What’s wrong with…

… being confident?

Nothing! The title was click bait in a way. You may listen to the song below while reading the rest of this post. Do you want to do that?

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[M.M.X.I.V. 339] Period

There are several ways that this post could go, as the word “period” has quite a few different denotations.  Well, since this post will be G-rated, it’s not referring to menstruation.  It’s not directly related to school either (well, maybe in a way).  And although I work with periodic boundary conditions in my research, I won’t bore you with those details.

Instead, it’s about the seemingly-innocuous dot at the end of sentences!

NOTE: This is an Audio-Optional Post.  The post is transcribed at the end in a YouTube video.

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[M.M.X.I.V. 46] A whole ‘nother story

There are so many ways to mess up grammar when speaking aloud, let alone when writing.  One particular cautionary which is salient as a result of this idea:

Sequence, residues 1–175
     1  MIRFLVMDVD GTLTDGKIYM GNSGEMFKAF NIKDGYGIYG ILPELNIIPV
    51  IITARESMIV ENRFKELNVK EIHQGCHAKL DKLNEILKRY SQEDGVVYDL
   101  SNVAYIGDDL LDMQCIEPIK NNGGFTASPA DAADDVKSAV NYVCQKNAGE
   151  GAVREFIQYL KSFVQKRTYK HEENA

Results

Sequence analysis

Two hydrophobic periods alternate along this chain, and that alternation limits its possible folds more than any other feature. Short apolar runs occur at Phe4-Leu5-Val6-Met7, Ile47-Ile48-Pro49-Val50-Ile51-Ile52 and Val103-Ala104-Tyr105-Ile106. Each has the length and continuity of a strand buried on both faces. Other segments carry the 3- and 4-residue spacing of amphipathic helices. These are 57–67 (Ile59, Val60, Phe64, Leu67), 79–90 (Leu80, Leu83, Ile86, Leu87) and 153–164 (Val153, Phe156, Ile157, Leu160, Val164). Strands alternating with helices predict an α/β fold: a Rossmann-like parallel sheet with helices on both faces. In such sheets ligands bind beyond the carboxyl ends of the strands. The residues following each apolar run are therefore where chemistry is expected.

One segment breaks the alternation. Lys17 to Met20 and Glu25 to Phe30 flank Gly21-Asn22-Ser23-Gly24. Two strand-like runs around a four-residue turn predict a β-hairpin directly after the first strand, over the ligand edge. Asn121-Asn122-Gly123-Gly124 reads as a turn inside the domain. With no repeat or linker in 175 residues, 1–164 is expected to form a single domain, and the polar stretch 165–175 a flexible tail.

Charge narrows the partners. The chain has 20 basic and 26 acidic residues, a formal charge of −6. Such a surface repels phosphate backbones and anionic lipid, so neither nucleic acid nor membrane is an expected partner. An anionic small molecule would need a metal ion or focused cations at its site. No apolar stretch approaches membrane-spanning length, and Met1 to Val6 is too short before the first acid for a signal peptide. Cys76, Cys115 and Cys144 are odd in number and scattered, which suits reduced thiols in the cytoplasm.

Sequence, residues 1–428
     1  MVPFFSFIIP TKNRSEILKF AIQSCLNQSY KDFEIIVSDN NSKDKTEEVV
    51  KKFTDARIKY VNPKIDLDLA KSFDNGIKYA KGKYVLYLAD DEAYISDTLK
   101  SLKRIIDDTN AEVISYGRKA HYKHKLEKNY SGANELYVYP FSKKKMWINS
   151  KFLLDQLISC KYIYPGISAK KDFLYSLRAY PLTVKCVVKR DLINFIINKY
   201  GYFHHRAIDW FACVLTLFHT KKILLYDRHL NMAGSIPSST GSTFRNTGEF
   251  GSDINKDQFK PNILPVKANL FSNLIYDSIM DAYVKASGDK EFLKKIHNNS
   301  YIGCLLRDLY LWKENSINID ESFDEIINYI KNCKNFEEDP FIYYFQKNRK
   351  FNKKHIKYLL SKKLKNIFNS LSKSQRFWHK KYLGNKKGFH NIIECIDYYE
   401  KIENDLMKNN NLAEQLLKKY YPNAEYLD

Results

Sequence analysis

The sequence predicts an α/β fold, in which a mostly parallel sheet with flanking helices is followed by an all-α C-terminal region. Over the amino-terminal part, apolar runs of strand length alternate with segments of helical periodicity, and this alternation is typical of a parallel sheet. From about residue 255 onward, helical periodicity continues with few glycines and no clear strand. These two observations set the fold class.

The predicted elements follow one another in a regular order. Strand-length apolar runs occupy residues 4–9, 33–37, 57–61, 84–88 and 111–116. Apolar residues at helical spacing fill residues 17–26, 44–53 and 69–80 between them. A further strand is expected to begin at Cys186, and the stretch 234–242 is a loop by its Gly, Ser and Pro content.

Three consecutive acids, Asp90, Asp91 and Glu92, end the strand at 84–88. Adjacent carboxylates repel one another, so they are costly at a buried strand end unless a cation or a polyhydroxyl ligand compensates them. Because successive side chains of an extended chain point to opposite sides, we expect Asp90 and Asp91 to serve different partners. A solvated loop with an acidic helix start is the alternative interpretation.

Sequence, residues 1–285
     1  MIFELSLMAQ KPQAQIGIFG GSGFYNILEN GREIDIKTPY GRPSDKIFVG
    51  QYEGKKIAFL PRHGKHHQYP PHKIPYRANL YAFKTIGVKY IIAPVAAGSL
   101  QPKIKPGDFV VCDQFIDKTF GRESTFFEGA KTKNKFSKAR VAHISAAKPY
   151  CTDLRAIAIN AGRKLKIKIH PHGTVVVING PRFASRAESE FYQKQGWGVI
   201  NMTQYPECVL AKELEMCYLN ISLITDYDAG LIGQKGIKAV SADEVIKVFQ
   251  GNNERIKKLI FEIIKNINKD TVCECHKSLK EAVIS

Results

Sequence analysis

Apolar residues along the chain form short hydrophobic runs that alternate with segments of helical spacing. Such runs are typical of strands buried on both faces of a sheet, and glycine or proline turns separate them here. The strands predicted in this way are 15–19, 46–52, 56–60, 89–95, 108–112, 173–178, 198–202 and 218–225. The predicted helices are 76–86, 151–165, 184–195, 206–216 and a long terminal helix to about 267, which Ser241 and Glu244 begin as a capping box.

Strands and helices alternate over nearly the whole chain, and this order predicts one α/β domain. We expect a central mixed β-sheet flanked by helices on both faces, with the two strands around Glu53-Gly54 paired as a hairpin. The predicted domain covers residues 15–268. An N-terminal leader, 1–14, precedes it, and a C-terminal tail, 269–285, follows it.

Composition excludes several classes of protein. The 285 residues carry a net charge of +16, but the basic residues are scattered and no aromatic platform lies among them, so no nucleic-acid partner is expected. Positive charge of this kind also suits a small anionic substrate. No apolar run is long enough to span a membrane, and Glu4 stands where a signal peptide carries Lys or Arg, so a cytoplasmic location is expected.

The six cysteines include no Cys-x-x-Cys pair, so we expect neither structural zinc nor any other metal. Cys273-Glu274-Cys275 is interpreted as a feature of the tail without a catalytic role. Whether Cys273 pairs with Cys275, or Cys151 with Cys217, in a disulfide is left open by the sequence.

“Remember to not ever split an infinitive.”

(Of course, here the infinitive is “to split” and we have split it with the words “not ever!”)

Though what I am about to describe is not an infinitive, it is still an unnatural splitting of a word.  Sometimes, when I am in conversation, I will make some aside that could lead to a new story, or would be best said in a different conversation.  If I say that, I might say aloud,

“That’s a whole ‘nother story for another day.”

I would not think that I am the only one to make this sort of a slip, and there are other examples: for example, I’ve heard many people split up a word with an expletive, such as “un-[expletive]-believable!”

Is it lazy usage of language?  Is it an ungrammatical method of adding emphasis?  Whatever it is, it does seem to be a common occurrence.

I welcome readers’ thoughts on this subject.

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ארבעים ושש… זהו.  (Forty-six: that’s it.)  Nope, I am not quitting M.M.X.I.V. at 46.  It’s simply the last count-off number that was on my Birthright trip.